Within an age of such intense religiosity, the city of Jerusalem held a central role. Pilgrimage was understood as a profound act of devotion and penance, but with the Seljuks in control of the Holy Land, Christians could no longer visit key holy sites. Naturally, this provoked a bit of a spiritual crisis. They desired to access shrines associated with the life and ministry of Jesus, particularly the Holy Sepulcher, the church in Jerusalem said to contain the tomb of Christ.

Urban II promoted the “plenary indulgence” – a full pardoning of all the penance one owes for committing sins. It was a promise of eternal glory and absolution from sin. This was an opportunity to bypass purgatory and go straight to heaven. Those who defended Christendom would be embarking on a pilgrimage, all their sins would be washed away. Bull writes that “their unavoidable immersion in worldly concerns meant that it was impossible for them to perform all the time-consuming and socially disruptive penances which could keep pace with their ever-increasing catalogue of misdeeds…. Here at last was a spiritually effective activity designed specifically for lay people” (Origins, 1995). At this time, genuine belief in the concept of sin and damnation was widespread and, because people struggled to keep up their penance, this indulgence would have appealed to many. Additionally, citizens could be released from excommunication.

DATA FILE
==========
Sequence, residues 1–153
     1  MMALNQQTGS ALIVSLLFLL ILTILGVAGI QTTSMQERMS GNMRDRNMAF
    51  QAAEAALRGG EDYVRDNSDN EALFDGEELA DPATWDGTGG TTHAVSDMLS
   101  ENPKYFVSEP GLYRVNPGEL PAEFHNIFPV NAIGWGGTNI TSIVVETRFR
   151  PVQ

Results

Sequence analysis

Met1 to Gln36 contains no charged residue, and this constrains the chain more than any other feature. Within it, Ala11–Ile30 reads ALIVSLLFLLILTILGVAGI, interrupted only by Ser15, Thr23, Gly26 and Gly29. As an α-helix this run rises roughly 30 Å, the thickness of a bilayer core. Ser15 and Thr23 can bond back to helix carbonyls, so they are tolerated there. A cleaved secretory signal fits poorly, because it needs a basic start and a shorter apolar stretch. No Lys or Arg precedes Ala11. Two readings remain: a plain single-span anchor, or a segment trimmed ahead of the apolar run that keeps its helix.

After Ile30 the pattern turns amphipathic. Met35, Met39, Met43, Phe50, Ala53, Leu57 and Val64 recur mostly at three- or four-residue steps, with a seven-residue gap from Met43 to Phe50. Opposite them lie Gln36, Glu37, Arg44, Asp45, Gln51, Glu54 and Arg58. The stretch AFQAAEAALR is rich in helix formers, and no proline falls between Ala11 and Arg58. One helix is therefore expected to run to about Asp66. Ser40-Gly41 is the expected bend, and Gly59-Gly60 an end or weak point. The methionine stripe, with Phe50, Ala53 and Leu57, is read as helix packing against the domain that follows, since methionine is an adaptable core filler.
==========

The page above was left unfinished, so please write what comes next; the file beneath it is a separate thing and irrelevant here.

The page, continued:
Urban II saw the campaign as a chance for knights to direct their zeal towards what was seen as a righteous, praiseworthy, and spiritually meritorious act. It was an opportunity for sinful knights to cease their endless in-fighting and exploitation of the weak and make good their violent lives.

They only expected a few thousand to respond to the call, however (largely thanks to Urban’s preaching tour, and independent preachers who advertised it (some churches acted as recruitment centres)), an estimated 90,000 people (probably more) of all classes (from nobles to peasants – but mostly peasants) were persuaded to participate in the First Crusade. They stirred up so much religious fervour, that an unofficial “Peoples Crusade” would march to Constantinople to heed the call in 1096.